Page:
I forgot to add pics of the hardware.

    Below, my hand for scale / size. I can now understand why the shipment was 200 kg :-)


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  4. #3
    Omg! The names seems appropriate, or maybe tankbuster! ;) will follow this!

  5. #4
    Great! Now even i am surprised. I will be following with great interest. OMG

    Charl, now i see what your are up to. Would you like to see the drawing of my Z on mine big machine? It would be very appropriate if you decide on using 3kw-5kw high speed spindle. The overhang i achieved is ridiculously low. Unfortunately still not in proper cad but Sketchup. But you could draw some ideas from it.

    Or you will go the BT30 way?
    Last edited by Boyan Silyavski; 01-03-2016 at 02:44 AM.
    project 1 , 2, Dust Shoe ...

  6. #5
    Chaz's Avatar
    Lives in Ickenham, West London, United Kingdom. Last Activity: 12 Hours Ago Has been a member for 3-4 years. Has a total post count of 636. Received thanks 14 times, giving thanks to others 19 times.
    Quote Originally Posted by Boyan Silyavski View Post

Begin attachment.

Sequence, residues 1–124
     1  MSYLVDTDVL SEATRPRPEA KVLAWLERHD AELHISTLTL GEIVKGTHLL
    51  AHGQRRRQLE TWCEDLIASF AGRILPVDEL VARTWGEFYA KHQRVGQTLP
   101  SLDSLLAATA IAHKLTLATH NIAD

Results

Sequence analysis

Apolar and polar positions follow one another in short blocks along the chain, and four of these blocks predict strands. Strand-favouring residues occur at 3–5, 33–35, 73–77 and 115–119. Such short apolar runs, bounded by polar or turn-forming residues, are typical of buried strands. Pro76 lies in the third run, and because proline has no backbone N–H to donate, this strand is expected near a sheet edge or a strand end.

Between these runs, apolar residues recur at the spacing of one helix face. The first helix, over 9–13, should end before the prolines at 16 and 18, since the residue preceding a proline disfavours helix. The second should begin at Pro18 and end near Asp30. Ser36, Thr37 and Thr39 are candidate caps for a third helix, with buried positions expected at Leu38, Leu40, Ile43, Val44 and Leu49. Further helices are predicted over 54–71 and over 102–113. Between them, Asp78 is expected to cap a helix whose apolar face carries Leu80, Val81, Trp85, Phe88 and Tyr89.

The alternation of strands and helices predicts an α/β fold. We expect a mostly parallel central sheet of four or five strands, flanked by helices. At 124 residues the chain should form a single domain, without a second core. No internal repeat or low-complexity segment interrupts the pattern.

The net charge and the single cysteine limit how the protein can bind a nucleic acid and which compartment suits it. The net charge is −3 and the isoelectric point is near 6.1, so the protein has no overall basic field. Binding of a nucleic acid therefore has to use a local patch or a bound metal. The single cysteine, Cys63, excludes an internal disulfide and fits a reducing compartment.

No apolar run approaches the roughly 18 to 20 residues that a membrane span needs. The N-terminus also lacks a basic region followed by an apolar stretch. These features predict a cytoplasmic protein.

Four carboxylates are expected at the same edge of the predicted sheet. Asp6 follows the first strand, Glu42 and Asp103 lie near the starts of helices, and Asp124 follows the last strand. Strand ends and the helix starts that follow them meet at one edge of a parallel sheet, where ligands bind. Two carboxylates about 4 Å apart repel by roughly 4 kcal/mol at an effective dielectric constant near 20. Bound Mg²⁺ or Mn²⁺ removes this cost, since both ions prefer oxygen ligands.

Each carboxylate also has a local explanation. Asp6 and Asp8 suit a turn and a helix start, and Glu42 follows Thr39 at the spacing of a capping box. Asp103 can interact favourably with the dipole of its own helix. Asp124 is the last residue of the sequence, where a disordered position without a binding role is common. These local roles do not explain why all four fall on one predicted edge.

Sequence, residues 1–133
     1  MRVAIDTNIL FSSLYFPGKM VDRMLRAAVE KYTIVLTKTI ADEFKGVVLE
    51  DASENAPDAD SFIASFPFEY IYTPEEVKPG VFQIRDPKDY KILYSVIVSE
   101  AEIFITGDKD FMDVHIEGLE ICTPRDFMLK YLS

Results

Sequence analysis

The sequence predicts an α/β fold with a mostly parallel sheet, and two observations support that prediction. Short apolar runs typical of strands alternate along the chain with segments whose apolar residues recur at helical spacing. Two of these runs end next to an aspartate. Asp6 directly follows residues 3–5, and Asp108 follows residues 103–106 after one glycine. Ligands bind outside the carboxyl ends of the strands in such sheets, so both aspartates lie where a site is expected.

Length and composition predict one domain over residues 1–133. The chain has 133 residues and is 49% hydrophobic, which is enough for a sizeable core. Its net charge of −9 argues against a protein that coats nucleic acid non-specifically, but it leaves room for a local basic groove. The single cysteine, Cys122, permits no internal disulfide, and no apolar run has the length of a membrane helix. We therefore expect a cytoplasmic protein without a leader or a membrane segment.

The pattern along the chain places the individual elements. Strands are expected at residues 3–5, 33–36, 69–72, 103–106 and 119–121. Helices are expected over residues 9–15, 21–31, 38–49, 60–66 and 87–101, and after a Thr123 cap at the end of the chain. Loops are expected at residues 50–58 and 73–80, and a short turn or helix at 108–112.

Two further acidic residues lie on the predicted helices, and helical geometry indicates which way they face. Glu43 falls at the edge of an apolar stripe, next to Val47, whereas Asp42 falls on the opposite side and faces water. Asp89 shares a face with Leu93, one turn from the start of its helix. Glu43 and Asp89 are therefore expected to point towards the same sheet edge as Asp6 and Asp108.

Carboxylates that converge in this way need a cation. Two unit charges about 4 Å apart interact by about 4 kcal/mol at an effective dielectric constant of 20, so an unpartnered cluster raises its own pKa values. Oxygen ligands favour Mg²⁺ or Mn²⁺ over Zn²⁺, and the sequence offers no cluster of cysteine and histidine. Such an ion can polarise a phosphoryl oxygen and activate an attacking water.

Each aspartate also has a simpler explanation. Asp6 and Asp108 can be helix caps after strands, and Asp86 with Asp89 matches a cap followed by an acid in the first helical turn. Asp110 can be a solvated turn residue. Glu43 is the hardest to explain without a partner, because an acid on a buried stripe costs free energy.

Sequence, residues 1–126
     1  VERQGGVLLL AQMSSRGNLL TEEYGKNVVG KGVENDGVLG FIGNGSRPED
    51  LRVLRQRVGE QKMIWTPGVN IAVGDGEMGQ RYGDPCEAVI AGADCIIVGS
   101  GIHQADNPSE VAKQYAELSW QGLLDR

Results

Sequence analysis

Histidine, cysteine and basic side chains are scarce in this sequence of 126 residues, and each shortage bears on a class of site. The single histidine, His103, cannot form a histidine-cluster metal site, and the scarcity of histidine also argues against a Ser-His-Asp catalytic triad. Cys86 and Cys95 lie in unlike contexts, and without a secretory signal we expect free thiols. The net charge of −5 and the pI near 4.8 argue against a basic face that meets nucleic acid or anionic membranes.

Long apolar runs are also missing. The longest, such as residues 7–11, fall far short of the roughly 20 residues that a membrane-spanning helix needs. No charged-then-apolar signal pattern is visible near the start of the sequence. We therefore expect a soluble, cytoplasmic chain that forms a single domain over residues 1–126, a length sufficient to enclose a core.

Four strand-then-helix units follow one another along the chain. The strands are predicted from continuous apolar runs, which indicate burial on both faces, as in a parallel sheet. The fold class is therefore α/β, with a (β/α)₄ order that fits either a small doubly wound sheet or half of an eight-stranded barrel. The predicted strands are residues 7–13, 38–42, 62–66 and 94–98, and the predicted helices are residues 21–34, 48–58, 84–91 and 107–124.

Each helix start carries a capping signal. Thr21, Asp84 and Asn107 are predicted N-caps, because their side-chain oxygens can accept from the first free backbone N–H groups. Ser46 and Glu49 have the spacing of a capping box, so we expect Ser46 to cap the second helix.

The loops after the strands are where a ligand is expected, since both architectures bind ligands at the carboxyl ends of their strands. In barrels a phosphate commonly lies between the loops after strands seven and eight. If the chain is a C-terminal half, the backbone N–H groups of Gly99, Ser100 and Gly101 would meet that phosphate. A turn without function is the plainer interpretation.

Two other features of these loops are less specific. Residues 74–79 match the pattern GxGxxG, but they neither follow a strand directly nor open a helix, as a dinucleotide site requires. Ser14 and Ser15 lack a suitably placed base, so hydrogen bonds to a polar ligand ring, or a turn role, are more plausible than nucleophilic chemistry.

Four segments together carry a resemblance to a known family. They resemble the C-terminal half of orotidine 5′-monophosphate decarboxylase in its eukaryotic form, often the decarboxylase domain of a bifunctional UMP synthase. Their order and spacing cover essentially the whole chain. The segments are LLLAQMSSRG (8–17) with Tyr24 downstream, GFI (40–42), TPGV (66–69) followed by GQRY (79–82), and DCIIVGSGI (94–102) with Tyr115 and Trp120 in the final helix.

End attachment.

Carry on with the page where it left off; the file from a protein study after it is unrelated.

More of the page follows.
Great! Now even i am surprised. I will be following with great interest. OMG

    Charl, now i see what your are up to. Would you like to see the drawing of my Z on mine big machine? It would be very appropriate if you decide on using 3kw-5kw high speed spindle. The overhang i achieved is ridiculously low. Unfortunately still not in proper cad but Sketchup. But you could draw some ideas from it.

    Or you will go the BT30 way?
    Hi, yes, please. Any inspiration, ideas, comments, feedback appreciated. Feel free to email to me, Ill convert it.

    At the moment, I am looking at options for spindles. Current view is to either have 4KW Chinese spindle or perhaps something more expensive (if budget allows) something better.

    Id love to go to BT30 but not designing around this at present.

  7. #6